Alonzo was the older cousin of a kid in that class, Fernando, that I really liked and tried hard to help through two years in the eighth grade. But Alonzo was definitely too old and set in his criminal ways to be reached. Alonzo’s problem was that he was a gay young man living in a Catholic/Hispanic culture that actively persecuted gays. His own family had disowned him and treated him like a criminal. So, he was one. I had to get him expelled from school by reporting him for threatening the life of another student. Prior to that incident the boy had harassed me at the Halloween Carnival (a fund-raising event that the Baptist Church later made us rename the Harvest Festival.) He forced Fernando to sexually proposition me, and when I rebuffed that nonsense, he offered to do it himself. It would lead to a later discussion in which he revealed to me his sexual orientation and asked me for forgiveness. He was relentlessly bad. But he later contacted me as an adult and thanked me for being his teacher. I never taught him anything, but it was important to him to show me that he had a job and had achieved adulthood without further violence or jail time. If he’s still making his way in this world more honestly than he did before, I am happy for him. But It was all his own doing. I could do nothing for him as a teacher.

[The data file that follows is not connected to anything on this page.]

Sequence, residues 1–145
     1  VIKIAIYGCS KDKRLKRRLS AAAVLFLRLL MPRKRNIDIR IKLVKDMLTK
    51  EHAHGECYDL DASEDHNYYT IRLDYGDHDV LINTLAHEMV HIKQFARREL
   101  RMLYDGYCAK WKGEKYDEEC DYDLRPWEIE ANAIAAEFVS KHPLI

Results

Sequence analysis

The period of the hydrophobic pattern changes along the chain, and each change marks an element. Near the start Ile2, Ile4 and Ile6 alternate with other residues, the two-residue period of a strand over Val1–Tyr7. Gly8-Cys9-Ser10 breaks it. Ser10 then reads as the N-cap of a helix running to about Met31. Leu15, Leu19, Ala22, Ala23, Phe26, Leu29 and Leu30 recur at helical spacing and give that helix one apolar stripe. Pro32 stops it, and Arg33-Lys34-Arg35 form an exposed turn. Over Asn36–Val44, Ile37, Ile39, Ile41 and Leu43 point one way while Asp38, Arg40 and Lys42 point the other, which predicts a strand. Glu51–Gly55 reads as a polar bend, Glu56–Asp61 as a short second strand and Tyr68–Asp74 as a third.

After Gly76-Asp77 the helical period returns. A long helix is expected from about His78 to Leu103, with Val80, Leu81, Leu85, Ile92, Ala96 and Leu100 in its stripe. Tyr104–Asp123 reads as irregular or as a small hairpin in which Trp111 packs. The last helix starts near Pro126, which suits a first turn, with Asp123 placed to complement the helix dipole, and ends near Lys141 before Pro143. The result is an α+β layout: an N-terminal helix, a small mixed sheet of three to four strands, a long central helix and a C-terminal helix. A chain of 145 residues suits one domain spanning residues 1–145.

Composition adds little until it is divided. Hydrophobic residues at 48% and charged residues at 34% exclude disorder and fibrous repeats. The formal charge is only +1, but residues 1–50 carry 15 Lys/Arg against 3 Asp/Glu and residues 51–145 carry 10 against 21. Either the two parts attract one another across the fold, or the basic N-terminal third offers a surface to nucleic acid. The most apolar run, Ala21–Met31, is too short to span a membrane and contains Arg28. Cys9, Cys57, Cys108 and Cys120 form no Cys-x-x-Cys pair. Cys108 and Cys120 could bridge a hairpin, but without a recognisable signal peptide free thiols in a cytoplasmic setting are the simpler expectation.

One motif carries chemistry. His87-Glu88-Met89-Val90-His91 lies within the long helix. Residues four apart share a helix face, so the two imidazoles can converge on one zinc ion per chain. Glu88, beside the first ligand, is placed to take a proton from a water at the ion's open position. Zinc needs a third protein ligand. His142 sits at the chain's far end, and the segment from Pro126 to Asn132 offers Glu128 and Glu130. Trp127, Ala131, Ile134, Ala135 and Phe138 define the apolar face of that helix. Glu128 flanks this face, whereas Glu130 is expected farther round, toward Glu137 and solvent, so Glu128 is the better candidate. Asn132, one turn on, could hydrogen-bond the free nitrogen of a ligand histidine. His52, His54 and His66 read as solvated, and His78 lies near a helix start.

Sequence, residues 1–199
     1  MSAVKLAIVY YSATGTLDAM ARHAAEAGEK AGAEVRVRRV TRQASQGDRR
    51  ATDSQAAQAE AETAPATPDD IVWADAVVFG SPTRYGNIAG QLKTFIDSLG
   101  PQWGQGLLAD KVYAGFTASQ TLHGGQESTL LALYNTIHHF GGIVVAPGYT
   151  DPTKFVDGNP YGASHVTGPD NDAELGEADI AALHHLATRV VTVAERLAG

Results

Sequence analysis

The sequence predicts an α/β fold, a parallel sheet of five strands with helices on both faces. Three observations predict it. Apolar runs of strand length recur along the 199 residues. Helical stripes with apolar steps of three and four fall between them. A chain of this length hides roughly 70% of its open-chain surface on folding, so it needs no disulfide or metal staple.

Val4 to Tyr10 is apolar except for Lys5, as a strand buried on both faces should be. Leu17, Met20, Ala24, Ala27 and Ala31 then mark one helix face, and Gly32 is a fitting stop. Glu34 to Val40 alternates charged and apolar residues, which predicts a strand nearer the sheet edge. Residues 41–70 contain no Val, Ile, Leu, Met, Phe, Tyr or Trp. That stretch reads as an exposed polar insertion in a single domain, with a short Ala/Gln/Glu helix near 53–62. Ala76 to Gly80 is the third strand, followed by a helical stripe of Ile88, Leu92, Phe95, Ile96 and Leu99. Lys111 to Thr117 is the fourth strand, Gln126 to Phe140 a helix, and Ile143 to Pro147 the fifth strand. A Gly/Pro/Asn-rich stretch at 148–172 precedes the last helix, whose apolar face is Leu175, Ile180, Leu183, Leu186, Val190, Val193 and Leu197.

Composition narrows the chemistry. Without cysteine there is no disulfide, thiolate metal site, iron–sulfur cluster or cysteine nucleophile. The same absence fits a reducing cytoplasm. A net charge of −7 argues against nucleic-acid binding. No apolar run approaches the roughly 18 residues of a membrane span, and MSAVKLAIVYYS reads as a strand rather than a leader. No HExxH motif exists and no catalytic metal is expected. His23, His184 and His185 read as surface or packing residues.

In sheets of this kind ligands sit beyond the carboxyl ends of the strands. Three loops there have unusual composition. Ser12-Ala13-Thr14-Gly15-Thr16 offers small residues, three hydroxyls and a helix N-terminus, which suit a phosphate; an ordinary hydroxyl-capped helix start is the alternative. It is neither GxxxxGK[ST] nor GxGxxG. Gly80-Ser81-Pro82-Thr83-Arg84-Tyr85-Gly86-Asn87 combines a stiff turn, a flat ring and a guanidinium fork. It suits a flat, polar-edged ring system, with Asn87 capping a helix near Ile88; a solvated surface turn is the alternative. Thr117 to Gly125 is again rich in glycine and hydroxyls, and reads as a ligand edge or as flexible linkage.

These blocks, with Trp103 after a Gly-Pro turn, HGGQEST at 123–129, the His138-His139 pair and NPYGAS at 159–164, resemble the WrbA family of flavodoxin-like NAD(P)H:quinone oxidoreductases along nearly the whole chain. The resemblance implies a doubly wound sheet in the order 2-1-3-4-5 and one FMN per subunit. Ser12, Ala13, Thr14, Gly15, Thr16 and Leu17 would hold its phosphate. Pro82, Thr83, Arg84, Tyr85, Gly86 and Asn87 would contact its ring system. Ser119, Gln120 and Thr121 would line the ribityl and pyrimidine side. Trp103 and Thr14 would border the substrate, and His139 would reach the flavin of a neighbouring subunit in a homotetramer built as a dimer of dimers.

There very definitely are bad kids. But they are not all irredeemable. And I know conservatives and Old School types would prefer that we just threw all of them in jail to rot forever. I, however, like to think there is still room in this world for stupid liberal notions of making kids less bad through education, patience, and the Grace of God.

6 Comments

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6 responses to “Bad Kids